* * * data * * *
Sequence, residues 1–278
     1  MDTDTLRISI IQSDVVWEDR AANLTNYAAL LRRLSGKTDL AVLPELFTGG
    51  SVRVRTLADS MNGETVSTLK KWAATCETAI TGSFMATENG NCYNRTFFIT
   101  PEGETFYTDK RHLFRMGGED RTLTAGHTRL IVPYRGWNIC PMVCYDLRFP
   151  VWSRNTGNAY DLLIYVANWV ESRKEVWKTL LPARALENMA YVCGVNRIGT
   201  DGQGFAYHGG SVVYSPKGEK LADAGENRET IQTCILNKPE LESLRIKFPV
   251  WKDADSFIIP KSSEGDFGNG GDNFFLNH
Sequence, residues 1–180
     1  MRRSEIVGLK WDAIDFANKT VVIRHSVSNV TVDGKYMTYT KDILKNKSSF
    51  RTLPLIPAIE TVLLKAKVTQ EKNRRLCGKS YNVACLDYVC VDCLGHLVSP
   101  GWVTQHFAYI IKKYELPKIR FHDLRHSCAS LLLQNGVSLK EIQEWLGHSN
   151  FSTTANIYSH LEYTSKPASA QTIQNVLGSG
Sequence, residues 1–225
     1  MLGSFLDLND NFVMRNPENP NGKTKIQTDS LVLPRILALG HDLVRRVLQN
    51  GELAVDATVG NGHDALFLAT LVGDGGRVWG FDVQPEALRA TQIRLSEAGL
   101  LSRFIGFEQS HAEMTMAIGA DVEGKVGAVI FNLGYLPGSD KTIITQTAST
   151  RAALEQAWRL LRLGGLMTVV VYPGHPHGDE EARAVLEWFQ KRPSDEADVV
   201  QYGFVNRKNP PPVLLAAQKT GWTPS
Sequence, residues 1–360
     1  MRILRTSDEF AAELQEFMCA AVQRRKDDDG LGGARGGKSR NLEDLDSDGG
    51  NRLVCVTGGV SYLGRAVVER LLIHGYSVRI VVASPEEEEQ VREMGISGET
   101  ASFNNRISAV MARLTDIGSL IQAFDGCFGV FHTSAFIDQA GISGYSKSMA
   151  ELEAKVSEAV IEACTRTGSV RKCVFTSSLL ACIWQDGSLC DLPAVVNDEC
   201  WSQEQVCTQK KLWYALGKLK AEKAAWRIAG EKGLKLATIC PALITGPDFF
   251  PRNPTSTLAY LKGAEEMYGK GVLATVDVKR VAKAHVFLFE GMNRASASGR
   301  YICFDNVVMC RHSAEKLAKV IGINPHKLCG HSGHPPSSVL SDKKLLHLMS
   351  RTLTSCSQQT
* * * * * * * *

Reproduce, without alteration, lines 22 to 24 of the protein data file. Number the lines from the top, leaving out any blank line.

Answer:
   101  ASFNNRISAV MARLTDIGSL IQAFDGCFGV FHTSAFIDQA GISGYSKSMA
   151  ELEAKVSEAV IEACTRTGSV RKCVFTSSLL ACIWQDGSLC DLPAVVNDEC
   201  WSQEQVCTQK KLWYALGKLK AEKAAWRIAG EKGLKLATIC PALITGPDFF